Captainsloo From Singapore, joined Dec 2011, 60 posts, RR: 0 Posted (3 years 3 months 1 week 2 days 10 hours ago) and read 1866 times:
I'm new here and this is my first post. Please forgive me if I sound a little naive. After reading this article (http://www.channelnewsasia.com/stories/afp_world_business/view/1171980/1/.html), I was wondering if it may be better to have a consolidated European Airlines, perhaps two or three major European carriers compared to numerous different national carriers.
This idea stemmed from my understanding that in the States, there have been mergers of major airlines in the past few years. Additionally, since the EU is an economic and political union with their own currency, can it work with an airline as well? It might also help streamline organisation and reduce redundancy in routes to tackle competition from LCC.
I don't mean to reduce the entire variety of national carriers into one airline, but perhaps two or three European carriers. This will allow for competition and innovation even at the business and first level.
Just a random thought which compelled me to join as a a.netter.
BOStonsox From United States of America, joined Dec 2007, 2005 posts, RR: 0
Reply 1, posted (3 years 3 months 1 week 2 days 9 hours ago) and read 1798 times:
Welcome to a.net!
This seems to be slowly coming to fruition, as we have BA/IB, AF/KL, and LH/LX, and rumors of these three buying other airlines. These are merged companies but the airlines run separately from each other. I've heard rumors that TP may go to LH, AZ may go to AF, and that EI may go to BA. Of course, those are only rumors. But since each country has only one or two main hubs, there are things these extra hubs can offer that others can't. For example, on BA/IB you can get more US/Canada traffic with LHR than with MAD, but from Latin America MAD works better than LHR.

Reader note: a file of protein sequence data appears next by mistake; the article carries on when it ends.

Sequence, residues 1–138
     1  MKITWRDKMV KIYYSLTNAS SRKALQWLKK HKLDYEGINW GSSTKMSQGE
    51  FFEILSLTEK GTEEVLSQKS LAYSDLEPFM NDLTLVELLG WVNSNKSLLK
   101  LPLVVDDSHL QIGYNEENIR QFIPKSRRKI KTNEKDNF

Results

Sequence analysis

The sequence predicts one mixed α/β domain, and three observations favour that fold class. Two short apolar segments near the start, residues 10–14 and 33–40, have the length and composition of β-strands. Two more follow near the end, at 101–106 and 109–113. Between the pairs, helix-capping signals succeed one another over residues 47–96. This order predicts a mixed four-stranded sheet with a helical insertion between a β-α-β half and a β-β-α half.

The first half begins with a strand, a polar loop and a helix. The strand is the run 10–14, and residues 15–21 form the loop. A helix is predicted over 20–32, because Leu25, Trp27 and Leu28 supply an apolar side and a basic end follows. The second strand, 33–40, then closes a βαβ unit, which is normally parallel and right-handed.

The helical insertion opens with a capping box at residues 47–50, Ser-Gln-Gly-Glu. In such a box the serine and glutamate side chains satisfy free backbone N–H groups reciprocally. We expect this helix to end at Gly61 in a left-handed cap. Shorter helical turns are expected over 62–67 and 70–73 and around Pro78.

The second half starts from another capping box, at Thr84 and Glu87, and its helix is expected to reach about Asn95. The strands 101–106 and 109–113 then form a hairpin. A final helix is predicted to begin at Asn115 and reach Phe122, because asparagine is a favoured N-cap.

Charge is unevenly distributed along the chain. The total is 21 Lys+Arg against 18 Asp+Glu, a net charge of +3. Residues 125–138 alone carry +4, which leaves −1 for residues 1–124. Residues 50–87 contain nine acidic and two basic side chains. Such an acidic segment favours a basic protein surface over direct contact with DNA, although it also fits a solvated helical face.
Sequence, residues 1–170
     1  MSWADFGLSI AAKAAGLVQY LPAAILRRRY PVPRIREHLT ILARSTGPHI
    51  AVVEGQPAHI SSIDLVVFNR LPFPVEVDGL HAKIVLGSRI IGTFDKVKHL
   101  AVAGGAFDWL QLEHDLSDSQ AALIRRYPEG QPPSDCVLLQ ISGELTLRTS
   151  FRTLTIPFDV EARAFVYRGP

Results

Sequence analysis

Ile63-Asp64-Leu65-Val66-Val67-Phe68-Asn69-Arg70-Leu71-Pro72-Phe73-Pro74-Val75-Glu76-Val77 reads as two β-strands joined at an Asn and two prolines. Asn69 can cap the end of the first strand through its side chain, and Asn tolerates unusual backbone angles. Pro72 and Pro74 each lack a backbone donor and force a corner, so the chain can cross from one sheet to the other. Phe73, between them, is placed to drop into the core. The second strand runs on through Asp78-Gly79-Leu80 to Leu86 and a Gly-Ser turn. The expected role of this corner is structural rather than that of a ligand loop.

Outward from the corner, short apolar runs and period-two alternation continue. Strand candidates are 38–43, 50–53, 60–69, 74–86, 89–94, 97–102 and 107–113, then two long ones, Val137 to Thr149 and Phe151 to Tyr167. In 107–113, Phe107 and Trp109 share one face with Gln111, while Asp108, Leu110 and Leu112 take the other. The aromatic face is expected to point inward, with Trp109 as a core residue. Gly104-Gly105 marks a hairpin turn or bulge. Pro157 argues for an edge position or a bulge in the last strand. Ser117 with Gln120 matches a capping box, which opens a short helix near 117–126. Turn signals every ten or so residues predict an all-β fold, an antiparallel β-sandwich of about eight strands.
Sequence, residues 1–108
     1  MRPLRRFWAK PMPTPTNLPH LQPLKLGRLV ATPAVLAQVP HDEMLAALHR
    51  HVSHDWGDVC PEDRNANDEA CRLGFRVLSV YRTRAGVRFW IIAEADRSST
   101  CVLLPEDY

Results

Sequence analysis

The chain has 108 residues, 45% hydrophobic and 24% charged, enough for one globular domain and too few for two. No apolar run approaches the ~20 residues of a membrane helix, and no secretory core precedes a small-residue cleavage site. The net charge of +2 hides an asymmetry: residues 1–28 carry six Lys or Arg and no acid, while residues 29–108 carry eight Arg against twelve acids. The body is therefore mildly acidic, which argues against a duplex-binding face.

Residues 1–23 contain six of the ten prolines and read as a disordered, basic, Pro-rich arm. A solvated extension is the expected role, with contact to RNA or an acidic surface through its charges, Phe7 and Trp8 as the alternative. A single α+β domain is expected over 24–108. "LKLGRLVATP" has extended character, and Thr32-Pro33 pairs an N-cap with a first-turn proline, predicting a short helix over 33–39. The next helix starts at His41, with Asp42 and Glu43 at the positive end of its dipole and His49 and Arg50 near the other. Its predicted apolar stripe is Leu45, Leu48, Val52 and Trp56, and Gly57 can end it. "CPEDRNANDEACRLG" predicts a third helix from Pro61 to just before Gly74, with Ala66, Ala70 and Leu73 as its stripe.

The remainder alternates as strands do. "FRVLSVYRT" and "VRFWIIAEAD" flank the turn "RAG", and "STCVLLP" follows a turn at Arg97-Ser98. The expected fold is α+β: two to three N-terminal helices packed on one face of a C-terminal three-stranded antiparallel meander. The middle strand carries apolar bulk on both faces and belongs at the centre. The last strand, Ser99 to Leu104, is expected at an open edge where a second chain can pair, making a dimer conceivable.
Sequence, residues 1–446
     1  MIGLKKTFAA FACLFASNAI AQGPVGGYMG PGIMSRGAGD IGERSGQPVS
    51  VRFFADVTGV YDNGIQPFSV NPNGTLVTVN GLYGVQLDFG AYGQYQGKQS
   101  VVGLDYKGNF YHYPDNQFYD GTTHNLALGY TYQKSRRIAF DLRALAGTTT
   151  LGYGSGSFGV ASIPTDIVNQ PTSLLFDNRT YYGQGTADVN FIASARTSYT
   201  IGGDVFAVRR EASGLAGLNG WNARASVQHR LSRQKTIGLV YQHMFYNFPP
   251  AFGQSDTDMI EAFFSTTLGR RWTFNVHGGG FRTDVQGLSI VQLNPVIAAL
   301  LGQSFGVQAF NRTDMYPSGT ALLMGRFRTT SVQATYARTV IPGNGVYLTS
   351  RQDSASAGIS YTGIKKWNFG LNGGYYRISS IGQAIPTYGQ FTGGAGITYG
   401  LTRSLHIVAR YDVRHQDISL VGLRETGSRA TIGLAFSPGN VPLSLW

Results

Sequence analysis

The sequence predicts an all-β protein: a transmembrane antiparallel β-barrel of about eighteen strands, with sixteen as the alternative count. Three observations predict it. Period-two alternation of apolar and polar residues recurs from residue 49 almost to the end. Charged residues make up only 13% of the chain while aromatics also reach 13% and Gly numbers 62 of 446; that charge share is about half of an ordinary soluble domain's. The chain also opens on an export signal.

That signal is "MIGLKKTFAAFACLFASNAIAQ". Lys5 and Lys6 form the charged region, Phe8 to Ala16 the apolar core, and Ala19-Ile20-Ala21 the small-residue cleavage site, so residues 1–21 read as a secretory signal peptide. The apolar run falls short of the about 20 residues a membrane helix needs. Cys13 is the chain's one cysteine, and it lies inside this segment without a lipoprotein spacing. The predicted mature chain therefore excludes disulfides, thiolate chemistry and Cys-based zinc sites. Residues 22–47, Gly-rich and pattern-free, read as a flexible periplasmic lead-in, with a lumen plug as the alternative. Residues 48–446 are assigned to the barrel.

FlyCaledonian From United Kingdom, joined Dec 2003, 2128 posts, RR: 3
Reply 4, posted (3 years 3 months 1 week 2 days 8 hours ago) and read 1637 times:
Quoting Eagleboy (Reply 3): While the EU may be a 'union' with a single currency, they are quite a way from full political and/or economic union.
Single market and single currency are different things. 27 countries are in the EU, but only 17 use the single currency (the Euro).
As has been said, the fact that many countries still have bilaterals with single EU countries means that for legal purposes the individual airlines have to remain, although many back office functions can be integrated in the owning groups. I think at some point one of the three groups (IAG, LH or AFKLM) will look at creating a single shorthaul carrier for European flights before we see an outright merger of say BA/IB or AF/KL into a single international airline.
First of all welcome to a.net. Is it Captainsloo or Captain Solo? If it's the latter pls. say hello to Chewbacca...
I often thought about this idea as well. If you compare the current situation with airlines such as Luxair (sorry to all a.netters from Luxembourg), Albania Airlines (sorry to all Albanian airlines) etc. with the USA it would be like each state having its own airline, e.g. Texas Air, Air Wisconsin, New York Air etc. Hmm, wait a moment, didn't these airlines really exist....?
The situation is smilar to everything else in the EU: the approach is just half-hearted and if we really want to become a union we have to take the next step*) - or leave it.
*) to all UK-A-netters: but whatever will happen - we will put our hand towels on the beach chairs first